In general model railroading is a very open and diverse hobby. Some are better with structural engineering and carpentry, others with electronics, model building, methods of railroad operation, et cetera. As a community we work together to share and improve our techniques, both to improve ourselves as modelers and to increase our satisfaction from the hobby. There are many well established venues for sharing our knowledge, from regular conventions (NMRA National, Regionals, and plenty of Special Interest Groups), a large number of printed an online periodicals, online communities, and just general "how did you..." questions at any old time.

Unfortunately our openness attracts thieves and greedy sorts who are more interested in making a quick buck than improving the hobby, and manufacturers and other entities attacking hobbyists is nothing new. I imagine this greedy nature is present in all hobbies and walks of life, but it seems to be more common now than when I entered the hobby 20 years ago.

Hopefully the outcome of this case will make others that prey on innocent hobbyists think twice.

Thanks, Bruce, for your well-written summary of the case. I'd mod your article up +1: Insightful if the Internet gave out mod points.

more than 4 years ago

Why You Can't Pry IE6 Out of Their Cold, Dead Hands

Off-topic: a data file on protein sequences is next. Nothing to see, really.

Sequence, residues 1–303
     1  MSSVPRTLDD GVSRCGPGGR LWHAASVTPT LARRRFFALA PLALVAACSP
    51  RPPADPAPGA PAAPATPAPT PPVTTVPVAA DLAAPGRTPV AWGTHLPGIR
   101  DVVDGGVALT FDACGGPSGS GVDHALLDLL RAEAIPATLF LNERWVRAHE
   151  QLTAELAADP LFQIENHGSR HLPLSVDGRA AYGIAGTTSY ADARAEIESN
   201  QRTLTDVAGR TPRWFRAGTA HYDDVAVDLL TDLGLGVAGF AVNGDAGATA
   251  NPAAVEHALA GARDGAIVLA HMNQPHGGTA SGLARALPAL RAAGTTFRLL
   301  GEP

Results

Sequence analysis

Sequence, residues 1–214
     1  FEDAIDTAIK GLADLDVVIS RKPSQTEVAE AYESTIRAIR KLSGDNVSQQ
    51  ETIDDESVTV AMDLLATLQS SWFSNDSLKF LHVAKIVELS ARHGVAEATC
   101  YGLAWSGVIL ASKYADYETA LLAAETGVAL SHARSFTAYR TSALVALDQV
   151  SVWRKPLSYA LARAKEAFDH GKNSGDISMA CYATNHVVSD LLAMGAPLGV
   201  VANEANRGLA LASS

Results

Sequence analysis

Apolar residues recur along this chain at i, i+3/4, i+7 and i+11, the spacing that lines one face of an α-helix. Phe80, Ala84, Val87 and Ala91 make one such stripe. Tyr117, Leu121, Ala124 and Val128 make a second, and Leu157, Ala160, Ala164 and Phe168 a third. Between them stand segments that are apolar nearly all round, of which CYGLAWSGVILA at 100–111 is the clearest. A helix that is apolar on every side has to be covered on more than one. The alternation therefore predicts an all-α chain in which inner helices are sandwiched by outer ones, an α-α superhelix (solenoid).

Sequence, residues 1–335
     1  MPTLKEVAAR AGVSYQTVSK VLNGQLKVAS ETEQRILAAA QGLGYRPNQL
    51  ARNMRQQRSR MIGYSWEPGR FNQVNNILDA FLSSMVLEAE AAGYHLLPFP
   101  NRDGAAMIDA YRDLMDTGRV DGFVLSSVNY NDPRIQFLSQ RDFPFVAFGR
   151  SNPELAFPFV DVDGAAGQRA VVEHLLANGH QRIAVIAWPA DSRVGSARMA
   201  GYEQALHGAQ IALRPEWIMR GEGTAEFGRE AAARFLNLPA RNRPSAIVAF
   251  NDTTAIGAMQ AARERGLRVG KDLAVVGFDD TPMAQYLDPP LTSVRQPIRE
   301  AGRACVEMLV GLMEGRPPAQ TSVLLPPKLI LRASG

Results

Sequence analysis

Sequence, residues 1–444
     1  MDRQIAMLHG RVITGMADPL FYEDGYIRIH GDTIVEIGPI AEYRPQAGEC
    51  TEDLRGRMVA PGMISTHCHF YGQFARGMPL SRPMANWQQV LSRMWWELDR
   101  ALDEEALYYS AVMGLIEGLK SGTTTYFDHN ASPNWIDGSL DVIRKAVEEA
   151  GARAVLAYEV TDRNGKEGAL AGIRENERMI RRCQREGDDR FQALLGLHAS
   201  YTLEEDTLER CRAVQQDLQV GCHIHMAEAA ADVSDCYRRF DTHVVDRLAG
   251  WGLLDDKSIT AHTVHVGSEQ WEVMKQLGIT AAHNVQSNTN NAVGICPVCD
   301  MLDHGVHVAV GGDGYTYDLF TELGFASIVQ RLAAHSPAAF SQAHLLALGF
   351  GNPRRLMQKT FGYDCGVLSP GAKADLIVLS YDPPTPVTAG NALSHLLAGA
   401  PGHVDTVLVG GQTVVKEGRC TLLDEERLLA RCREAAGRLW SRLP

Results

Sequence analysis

Katyrnyn IE6: Only for Enterprise Applications at Work (416 comments)

I can honestly say the only time I used IE6 at home was right after a new install to download {insert you choice of replacement browser of the last decade}.

At work, the majority of our internal corporate software is "customized" for IE6, and the teams responsible for it (and even the IT folks) seem to be in no hurry to "upgrade" to something that will break the existing system. What's worse - our remote employees and anyone that needs to access work-related materials from home has to keep a copy of IE6 around. We can use some of the features of the system on other browsers, but some critical items simply don't work. [It's outside of my programming responsibilities, else I would've pushed the issue to "fix" and standardize things ages ago.]

And of course it's a violation of the 11th Commandment to install any other browser on our work boxes. And traffic outside of our intranet is forbidden by the 12th Commandment, except for those in the corporate "priesthood." And a few of us Systems Programmers, like me.....

more than 4 years ago

Linux Users More Likely To Pay For Games?

Katyrnyn Fewer Games to Choose From... (106 comments)

Perhaps the higher subscription rate among the Linux crowd is because we're game starved. There are far more game choices when it comes to the Windows game market, thus more to draw away customers.

more than 11 years ago